PreSonus Blog

Mic Your Synth—Virtually

You can mic piano, drums, guitar, voice, and other acoustic sources…but you can’t mic a synth, unless you put it through a PA or guitar amp, and then mic that.

Or can you?

Studio One’s Ampire has mic modeling for its various cabs. However, a cab has its own frequency response, which doesn’t sound at all like miking an instrument—it sounds like miking a guitar amp. Sometimes, you want that sound with instruments other than guitar or bass. But usually, you don’t.

Ampire also has a User Cab for loading your own cab impulse responses.  So, you could load a room’s impulse response instead, and set up Ampire’s mics. However, then you’re not miking an instrument, you’re miking the instrument in a room. What if you just want the sound of a miked instrument?

Here’s the solution, and I think you’ll be as surprised as I was after pulling up an FX bus fader with the sound of the virtual mics. Check out the audio example: the first half is a plain Mai Tai sound, the second half has the virtual miking. There are no effects, only Ampire’s mics. Of course, this is only one of many possibilities.

How It Works

The trick is to bypass the amp, and load a flat-response impulse into Ampire’s User Cab. Then, the audio doesn’t go through an amp or cab sound before hitting the mics. Simple, right?

The downloadable zip file (link at end) includes three flat-response IRs, each of which has its uses:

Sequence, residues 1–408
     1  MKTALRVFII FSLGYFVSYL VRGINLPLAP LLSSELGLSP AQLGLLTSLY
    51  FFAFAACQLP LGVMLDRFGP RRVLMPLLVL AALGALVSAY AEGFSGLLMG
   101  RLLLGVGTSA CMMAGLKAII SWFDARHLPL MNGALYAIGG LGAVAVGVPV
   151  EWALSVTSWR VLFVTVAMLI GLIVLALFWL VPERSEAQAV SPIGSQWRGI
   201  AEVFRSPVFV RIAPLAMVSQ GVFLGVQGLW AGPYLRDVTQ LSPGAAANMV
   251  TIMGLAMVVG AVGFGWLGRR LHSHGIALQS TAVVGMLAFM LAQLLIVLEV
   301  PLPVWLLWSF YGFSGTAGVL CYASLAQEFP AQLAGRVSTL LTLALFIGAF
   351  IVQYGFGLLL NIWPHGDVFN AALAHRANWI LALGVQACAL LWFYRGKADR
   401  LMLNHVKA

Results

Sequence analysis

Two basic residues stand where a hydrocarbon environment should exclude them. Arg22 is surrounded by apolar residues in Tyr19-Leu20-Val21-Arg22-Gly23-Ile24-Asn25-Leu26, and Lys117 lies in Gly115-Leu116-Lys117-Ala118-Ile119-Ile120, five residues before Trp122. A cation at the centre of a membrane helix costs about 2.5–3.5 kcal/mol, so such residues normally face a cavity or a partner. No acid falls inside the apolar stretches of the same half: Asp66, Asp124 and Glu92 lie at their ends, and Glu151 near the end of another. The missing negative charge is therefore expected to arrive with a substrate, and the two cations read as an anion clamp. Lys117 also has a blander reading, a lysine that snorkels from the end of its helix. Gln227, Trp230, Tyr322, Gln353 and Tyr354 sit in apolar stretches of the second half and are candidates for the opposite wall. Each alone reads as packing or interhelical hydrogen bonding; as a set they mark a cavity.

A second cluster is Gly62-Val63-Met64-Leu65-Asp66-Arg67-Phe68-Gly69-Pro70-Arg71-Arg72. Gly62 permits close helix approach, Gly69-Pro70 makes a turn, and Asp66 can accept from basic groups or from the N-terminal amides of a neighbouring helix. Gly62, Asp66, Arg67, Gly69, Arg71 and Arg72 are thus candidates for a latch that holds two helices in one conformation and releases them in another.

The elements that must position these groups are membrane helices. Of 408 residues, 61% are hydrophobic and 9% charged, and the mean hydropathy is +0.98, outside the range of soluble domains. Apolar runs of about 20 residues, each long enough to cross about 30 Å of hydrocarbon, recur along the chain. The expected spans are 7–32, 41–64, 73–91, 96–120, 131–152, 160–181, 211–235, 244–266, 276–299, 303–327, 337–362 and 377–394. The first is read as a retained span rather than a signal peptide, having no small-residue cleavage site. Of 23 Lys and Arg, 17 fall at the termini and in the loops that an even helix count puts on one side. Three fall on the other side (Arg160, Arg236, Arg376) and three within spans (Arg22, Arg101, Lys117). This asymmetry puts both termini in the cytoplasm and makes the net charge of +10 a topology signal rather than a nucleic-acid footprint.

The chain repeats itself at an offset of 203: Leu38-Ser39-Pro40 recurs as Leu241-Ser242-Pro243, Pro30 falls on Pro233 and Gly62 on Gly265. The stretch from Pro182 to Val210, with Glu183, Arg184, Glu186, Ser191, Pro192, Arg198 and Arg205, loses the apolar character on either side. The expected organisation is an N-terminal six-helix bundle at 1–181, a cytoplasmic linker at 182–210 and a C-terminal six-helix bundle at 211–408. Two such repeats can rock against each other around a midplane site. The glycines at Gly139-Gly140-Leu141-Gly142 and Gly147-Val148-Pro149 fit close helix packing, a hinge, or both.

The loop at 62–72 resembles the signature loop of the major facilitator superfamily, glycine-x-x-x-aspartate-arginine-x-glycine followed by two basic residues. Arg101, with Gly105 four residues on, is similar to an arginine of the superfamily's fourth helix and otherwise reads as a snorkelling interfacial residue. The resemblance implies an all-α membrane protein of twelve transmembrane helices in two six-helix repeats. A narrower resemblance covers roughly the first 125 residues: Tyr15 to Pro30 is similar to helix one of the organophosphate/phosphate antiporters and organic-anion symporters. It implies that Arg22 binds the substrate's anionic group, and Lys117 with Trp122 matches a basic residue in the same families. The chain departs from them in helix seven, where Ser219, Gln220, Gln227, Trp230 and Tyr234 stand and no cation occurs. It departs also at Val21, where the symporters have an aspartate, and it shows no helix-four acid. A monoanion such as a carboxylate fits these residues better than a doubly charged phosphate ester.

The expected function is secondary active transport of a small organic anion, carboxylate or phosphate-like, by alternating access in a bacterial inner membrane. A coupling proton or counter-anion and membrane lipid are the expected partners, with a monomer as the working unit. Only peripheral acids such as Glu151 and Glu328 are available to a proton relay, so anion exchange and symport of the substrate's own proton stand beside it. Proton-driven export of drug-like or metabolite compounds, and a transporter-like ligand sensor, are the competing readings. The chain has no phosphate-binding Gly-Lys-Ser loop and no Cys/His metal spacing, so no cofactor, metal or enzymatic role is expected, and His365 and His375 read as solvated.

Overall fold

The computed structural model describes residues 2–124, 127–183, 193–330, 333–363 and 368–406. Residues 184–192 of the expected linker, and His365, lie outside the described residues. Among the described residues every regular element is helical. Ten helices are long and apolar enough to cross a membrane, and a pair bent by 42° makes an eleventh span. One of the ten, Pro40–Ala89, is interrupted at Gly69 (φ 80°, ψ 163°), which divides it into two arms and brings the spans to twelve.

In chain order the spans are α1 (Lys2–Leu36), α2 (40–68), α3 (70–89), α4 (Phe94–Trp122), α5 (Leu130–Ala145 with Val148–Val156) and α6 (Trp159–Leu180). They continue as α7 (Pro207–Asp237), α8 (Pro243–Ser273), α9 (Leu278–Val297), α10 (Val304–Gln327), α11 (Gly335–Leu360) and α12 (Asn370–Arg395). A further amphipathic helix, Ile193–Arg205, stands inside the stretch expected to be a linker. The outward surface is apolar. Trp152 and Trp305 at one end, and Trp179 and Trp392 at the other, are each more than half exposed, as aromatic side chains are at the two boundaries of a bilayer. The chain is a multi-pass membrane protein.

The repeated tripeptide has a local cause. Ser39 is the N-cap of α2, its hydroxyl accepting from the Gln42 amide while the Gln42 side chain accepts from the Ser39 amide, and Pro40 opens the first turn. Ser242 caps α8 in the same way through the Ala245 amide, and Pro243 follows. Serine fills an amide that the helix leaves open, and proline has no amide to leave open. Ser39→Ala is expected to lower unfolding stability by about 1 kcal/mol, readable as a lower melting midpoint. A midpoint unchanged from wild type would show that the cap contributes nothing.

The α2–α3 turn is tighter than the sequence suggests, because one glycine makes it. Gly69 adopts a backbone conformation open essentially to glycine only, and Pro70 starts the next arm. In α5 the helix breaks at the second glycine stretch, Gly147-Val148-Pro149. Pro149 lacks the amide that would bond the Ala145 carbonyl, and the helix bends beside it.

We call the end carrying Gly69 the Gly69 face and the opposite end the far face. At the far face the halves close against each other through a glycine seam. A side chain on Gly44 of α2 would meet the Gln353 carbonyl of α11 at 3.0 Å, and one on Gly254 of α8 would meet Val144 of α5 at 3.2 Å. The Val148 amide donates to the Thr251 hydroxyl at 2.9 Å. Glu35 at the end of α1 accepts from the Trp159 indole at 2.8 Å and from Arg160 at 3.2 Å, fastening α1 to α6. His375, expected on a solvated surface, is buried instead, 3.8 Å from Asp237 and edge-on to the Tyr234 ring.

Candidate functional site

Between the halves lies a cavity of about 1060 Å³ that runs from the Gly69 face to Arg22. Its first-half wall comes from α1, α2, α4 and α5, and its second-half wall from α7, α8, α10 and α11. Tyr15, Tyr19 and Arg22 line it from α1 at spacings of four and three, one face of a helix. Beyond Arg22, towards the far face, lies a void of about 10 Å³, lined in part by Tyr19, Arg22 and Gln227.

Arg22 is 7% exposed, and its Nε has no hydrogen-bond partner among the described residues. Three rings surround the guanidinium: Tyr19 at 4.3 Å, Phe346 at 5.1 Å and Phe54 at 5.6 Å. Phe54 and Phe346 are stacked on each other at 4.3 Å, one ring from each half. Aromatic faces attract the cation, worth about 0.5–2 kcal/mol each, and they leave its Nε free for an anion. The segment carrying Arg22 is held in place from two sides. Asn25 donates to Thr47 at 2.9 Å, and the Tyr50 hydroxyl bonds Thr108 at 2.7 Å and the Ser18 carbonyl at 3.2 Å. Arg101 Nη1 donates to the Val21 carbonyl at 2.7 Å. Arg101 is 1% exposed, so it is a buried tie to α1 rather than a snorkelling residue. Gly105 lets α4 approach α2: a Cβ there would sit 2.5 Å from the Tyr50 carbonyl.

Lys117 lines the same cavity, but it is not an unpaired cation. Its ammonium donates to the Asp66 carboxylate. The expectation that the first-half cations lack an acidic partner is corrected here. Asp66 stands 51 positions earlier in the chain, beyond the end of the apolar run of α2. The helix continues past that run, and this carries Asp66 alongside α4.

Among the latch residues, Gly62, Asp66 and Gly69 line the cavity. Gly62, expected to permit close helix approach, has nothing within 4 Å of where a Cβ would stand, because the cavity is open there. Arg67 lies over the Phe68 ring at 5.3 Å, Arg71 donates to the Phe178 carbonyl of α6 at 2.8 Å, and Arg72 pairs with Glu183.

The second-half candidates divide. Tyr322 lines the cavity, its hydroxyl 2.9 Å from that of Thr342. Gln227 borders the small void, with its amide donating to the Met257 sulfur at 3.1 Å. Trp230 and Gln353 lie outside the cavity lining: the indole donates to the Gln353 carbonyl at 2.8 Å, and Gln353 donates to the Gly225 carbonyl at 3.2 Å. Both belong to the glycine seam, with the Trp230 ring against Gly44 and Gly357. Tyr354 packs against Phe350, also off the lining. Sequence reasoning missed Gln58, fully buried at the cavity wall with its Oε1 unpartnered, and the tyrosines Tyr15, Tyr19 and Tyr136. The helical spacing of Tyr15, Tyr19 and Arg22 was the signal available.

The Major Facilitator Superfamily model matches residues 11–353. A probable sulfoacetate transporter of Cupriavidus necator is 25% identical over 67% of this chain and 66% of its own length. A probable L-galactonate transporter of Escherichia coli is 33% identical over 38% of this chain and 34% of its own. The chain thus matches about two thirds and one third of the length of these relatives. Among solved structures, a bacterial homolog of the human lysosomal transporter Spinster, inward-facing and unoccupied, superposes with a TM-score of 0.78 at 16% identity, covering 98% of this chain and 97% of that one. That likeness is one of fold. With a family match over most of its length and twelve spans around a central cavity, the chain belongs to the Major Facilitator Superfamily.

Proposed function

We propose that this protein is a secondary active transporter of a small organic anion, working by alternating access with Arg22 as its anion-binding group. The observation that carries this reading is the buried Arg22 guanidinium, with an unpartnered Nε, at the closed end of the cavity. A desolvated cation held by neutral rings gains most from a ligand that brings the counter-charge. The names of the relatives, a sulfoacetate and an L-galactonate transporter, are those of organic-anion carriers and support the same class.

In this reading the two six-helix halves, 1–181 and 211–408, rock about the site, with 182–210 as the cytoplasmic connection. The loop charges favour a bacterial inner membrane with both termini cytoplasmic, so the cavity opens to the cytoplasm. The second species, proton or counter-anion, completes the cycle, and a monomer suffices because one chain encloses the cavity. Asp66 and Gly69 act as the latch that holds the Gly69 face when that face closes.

• Stereo (dual mono)
  • Stereo with reversed left channel phase
  • Stereo with reversed right channel phase

Ampire Prep

I prefer to set up Ampire in an FX bus, to enable blending the miked sound with the direct sound. However, using the miked sound by itself is viable. See which you prefer. Fig. 1 shows the Ampire settings used for the audio example.

Figure 1: Typical Ampire settings, as used in the audio example.

To create the setup:

1. Insert Ampire in an FX bus.

2. Assign a Send to the FX bus from the instrument track you want to “mic.”

3. With Ampire, choose Amp: None and Cabinet: User Cabinet

4. Download and unzip the three impulse responses.

5. Click on the Mic Edit Controls button (the blue button in fig. 1), then click on the + sign next to Mic A. Navigate to your IR of choice, and load it. Or, simply drag the impulse into the Mic’s slot.

6. Similarly, load an IR into Mic B and Mic C. Note: There must be an IR loaded in Mic A, or no sound will pass through Ampire, even if IRs are loaded in Mic B and Mic C. I recommend loading an IR in each one.

7. Go down the fun rabbit hole of mic choices, levels, mic delays, and phase changes.

Extra Tips

  • Using an IR with reversed phase for one of the mics can unbalance the stereo image. Compensate by adjusting the Panpot in the Send that goes to the FX Channel.
  • In the FX Channel, spreading the stereo image with the panpot’s Binaural function is cool (pre-Studio One 6 owners can use the Binaural Pan plug-in). For the audio example, I turned up the Binaural Pan so the effect would be more dramatic if heard over laptop speakers.
  • The audio example mixes the miked sound up quite a bit to get the point across, but subtle settings can add an interesting dimension to synthesized sounds.  
  • Preceding Ampire with an Analog Delay set for a very short delay (a few milliseconds) and no feedback can enhance the effect further.
  • This isn’t just about synths—try this technique with other non-acoustic sounds, like analog drums.


If you bought a previous version of The Huge Book of Studio One Tips and Tricks, you can now download the free version 1.4 update (with 250  tips and 126 free presets) from the PreSonus shop.